|Mardee as Carrot Top
I’m in the same camp as my fellow rogue, Sonja Stone. I was “that” mom, too. With six kids, I made any number of Halloween costumes, including ones for myself and spouse. Here are a few of my favorites.
|Addie and Danielle as Trolls (notice the spirit lights)
|Wes and I as Martha Stewart and Guard
|Me as Tonto (don’t you love the raven?!)
|Even Winston partakes in the fun
This year, as Halloween approaches, I’ve been thinking a lot about death. I know it sounds morbid, but I’m just home from spending a week at the bedside of a dying friend. Watching her struggle toward the inevitable outcome of a horrendous disease (cancer) got me thinking about my loved ones who have passed—my mother, my father, grandparents, a cousin, too many friends.
Traditionally, Halloween (a contraction of All Hallows’ Evening also known as Allhalloween) was a time to remember the dead. Some historians trace its roots to the Romans, while most typically link its origins to the Celtic festival of Samhain that marked “summer’s end.” It was a time of offerings. Food and drink (or portions of crops) were left outside for aos si, the souls of the dead. It was believed that the souls would revisit their homes seeking hospitality, so places were set at the table, candles would be lit, prayers said and then the eating, drinking and games would begin.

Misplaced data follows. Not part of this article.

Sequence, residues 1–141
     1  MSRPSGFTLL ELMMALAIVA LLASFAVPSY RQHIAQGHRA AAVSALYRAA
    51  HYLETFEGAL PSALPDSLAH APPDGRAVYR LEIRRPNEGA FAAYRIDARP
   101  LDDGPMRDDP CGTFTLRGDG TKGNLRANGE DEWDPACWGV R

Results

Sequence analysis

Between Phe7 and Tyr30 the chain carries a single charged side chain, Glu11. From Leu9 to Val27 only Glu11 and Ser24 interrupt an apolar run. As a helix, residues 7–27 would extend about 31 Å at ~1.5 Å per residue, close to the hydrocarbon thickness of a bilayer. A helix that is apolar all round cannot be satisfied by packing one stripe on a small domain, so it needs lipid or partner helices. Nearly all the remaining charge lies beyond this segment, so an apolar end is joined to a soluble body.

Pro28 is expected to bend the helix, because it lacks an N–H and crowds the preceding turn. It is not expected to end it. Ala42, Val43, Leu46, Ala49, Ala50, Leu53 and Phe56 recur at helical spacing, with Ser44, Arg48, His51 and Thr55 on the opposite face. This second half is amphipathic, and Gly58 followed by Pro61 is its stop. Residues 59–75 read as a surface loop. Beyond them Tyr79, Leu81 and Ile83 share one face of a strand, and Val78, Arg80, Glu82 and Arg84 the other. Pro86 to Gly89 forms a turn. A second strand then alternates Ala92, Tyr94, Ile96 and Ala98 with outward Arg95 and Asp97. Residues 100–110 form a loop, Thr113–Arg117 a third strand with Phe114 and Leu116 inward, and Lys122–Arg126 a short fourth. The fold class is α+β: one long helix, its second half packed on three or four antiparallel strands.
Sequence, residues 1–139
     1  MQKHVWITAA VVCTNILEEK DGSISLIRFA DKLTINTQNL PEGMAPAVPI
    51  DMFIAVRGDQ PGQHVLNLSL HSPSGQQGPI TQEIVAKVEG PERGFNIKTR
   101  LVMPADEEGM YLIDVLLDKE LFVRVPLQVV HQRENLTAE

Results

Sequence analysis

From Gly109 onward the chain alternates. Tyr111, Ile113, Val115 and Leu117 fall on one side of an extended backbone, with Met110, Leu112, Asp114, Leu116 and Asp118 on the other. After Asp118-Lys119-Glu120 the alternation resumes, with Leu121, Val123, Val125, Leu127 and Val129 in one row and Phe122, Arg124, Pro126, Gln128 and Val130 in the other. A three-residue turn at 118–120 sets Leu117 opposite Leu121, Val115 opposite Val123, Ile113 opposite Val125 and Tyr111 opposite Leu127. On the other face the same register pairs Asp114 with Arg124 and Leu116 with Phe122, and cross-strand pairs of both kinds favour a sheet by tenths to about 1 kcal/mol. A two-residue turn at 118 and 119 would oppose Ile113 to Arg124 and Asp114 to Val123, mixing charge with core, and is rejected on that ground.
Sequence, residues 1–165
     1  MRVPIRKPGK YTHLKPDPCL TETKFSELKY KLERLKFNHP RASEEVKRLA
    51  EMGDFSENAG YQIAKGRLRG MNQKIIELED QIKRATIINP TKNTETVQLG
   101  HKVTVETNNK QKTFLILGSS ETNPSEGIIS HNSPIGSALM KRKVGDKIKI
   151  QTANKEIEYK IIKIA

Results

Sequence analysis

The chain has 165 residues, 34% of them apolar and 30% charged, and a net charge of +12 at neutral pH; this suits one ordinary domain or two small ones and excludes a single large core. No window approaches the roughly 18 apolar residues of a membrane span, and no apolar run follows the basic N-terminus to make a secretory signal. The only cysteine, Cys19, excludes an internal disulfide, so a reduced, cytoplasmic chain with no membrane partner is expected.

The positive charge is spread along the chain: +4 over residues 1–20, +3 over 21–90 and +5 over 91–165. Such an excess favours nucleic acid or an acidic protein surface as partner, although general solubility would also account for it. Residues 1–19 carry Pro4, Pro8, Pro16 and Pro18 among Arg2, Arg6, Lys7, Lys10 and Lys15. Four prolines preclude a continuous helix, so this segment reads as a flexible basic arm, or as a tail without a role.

Many cultures and religions have days for remembering and praying for the souls of those who have recently departed. Christians held vigils on Allhallowtide (the trifecta of All Hallows’ Eve, All Hallows’ Day and All Souls’ Day). The Aztecs celebrated the Day of the Dead over 3,000 years ago. Still observed, it’s three days when Mexicans traditionally celebrate the lives of relatives who have passed by building altars in remembrance and visiting the cemeteries where their ancestors are buried. They clean the tombs, eat food, dance to music and drink tequila. Hindus remember the dead during the festival of Pitru Paksha, and Neopaganists still observe Samhain.
Still, most of us no longer equate Halloween with religious or pagan celebrations. We no longer wear ONLY costumes emulating evil spirits (hence the plethora of princesses and super heroes); we no longer use Halloween as an occasion to remember the dead. But for me, this year will be different. Beginning October 31st, I plan to celebrate the lives of my loved ones who have passed by cooking a feast, lighting candles, setting an extra place for them at my table, and—after 5 o’clock somewhere—raising a glass of mezcal.